Getting away from it all is challenging for small business owners, many of whom lack the confidence to trust that things will run smoothly in their absence. Less than 50 percent of small business owners take vacations, despite being aware of the toll this can take on their relationships as well as their physical and mental well-being.
Taking time off and unplugging from work is critical to leading a balanced life. Many business owners understand the short-term benefits, which range from reducing stress and the risk of heart attack to returning to work with renewed energy and motivation. However, they may fail to realize that the long-term impact of not taking vacation goes beyond compromised health and relationships: it can be counter-productive for their business.
The 4th of July is just two weeks away, which means summer is almost halfway over. If you have not taken a break from your small business, here are some of the reasons why vacations are essential and tips for taking guilt-free time off without feeling compelled to constantly check your cell phone.
Make Vacation a Priority
One of the reasons many people start a business is to have the freedom to manage their own time. Yet small business owners often seem to be short on time. In one study, a majority of entrepreneurs reported not having enough time as one of their top challenges. If you do not have the time to accomplish your day-to-day business objectives, chances are you will not make taking time off a priority.
However, even the most dedicated business owners must put their need to de-stress and relax before the needs of their clients and staff. During the course of any given day, you are making countless decisions and juggling an endless list of tasks. This can not only have a negative impact on productivity, but over time you may lose sight of what you have accomplished, what you aim to achieve, and why you started the business in the first place. Vacations offer the opportunity to step back, reflect on where you are, and refocus on your goals and objectives.
Be more vigilant about your time management and plan personal breaks and vacations well in advance. Enter the dates into your calendar, schedule around them, and resist the temptation to compromise your time off. Keep in mind that a vacation doesn’t have to be lengthy to be beneficial. Research has shown that eight days is the perfect amount of time to fully enjoy a getaway, and a manageable choice for small business owners who are concerned about spending too much time away from the workplace.
Of course, taking a few days off is better than nothing. Whether you are a solopreneur or in charge of a sizeable team, getting away for even a day will allow you to reboot and get a fresh perspective. Use longer breaks to re-establish a healthy rhythm, and commit to working smarter and maintaining a better work/life balance when you return to the office.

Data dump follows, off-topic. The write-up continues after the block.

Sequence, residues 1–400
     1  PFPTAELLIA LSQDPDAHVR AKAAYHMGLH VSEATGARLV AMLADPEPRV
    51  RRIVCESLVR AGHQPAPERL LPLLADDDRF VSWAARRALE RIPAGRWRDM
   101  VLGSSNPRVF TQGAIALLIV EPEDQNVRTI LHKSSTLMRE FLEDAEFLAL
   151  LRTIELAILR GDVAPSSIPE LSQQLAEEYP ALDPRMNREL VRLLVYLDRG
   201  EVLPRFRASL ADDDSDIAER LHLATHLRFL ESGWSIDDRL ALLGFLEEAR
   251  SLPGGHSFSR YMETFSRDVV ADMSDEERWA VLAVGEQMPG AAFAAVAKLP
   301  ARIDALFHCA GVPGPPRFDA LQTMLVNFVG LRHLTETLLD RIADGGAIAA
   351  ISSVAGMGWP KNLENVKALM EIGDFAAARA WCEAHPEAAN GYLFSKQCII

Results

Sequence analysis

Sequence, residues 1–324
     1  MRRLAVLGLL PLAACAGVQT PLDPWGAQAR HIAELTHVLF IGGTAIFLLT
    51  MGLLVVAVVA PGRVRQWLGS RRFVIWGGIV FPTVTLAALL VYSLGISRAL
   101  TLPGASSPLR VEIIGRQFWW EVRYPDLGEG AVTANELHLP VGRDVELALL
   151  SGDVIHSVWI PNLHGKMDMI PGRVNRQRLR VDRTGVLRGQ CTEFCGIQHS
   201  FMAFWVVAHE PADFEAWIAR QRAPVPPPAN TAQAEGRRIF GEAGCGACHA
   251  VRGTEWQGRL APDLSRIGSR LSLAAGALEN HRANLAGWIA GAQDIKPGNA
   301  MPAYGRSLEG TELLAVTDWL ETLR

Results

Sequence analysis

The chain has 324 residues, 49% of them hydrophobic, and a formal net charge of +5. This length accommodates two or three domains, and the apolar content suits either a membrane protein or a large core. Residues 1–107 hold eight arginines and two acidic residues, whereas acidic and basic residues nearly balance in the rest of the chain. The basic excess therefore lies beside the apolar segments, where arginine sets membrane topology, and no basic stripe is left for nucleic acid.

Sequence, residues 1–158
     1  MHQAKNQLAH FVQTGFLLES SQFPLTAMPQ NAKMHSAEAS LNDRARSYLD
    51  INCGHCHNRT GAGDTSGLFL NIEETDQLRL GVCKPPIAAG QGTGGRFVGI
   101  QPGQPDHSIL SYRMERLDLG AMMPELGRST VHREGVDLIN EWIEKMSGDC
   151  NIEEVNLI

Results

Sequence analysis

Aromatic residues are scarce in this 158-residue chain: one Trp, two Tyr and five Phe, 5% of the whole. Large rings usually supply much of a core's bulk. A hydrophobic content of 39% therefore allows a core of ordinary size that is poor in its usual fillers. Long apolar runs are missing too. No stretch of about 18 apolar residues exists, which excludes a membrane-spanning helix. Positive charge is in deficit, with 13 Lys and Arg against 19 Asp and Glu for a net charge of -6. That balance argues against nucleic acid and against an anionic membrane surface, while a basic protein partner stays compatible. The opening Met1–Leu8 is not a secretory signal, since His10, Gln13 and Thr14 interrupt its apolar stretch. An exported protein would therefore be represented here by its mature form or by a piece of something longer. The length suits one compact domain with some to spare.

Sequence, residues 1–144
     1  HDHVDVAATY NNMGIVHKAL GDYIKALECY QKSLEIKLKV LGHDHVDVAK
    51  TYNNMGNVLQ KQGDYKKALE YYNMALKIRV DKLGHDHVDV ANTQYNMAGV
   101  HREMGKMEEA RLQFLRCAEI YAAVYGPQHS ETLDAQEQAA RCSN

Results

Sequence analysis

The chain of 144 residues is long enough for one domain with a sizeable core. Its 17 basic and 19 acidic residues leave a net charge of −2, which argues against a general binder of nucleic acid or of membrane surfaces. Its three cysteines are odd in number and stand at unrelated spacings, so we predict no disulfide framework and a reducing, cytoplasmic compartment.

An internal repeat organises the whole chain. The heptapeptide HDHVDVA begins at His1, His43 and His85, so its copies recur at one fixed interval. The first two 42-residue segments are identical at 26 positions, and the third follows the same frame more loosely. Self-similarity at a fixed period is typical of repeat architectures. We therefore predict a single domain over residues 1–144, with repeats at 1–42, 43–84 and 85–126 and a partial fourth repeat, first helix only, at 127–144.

Prepare and Delegate
In order to have a truly relaxing vacation, you need to do the necessary legwork to ensure there is little or no business interruption while you’re away. It’s important to be proactive when communicating with clients. Tell them you’ll be taking a vacation a few weeks ahead of time so schedules, deadlines, or meetings can be adjusted accordingly. Be sure to share details about who they should contact while you’re away, and reassure them that your staff is well prepared to meet their needs.
Giving your team plenty of advanced notice before taking time off will allow you to set clear guidelines and delegate responsibilities. Meet with managers or team leaders to review what they’ll be working on while you’re gone. Assign work with specific directions and next steps. This will help keep them on track and give them an opportunity to take on new challenges. While this can feel like a gamble, your team will appreciate the vote of confidence and may surprise you with their capabilities.
Be clear with your staff about what they can expect during your absence. For example, you may want to let them know you will not be answering your cell phone or checking emails unless there is an emergency, or that you will be scheduling work check-ins at certain times of the day. To avoid being disturbed unnecessarily, plan for worst-case scenarios and prepare “In Case of Emergency” protocols. Designate a trustworthy employee to contact you only if a major issue develops.
Unplug as Much as Possible
Just because an entrepreneur takes a vacation doesn’t mean he or she unplugs from their business. Technology makes it easy for small business owners to stay connected during trips, and you may find it more relaxing to check your tablet or cell phone a few times each day. However, if this only adds to your stress and frustration, going off the grid could be the best way to stop thinking about business and fully recharge.
Choose the best option and set boundaries to help you stick with it. Maximize your downtime by limiting work check-ins to once in the morning before you head out for that day, and once in the evening before dinner. To alleviate worries about missing something important, delegate a staff member to handle your phone calls, voicemails, and emails, and alert you if anything urgent arises. You might also give your second-in-command a personal email address for emergencies and only check that so you will not get pulled into routine work matters.
There is no shortage of reasons for not going on vacation, but even a short break can make a big difference in your energy level, productivity, and motivation. Power down your laptop, switch off your cell phone, and trust that your business can run without you. Your team, your customers, and your business will reap the benefits.
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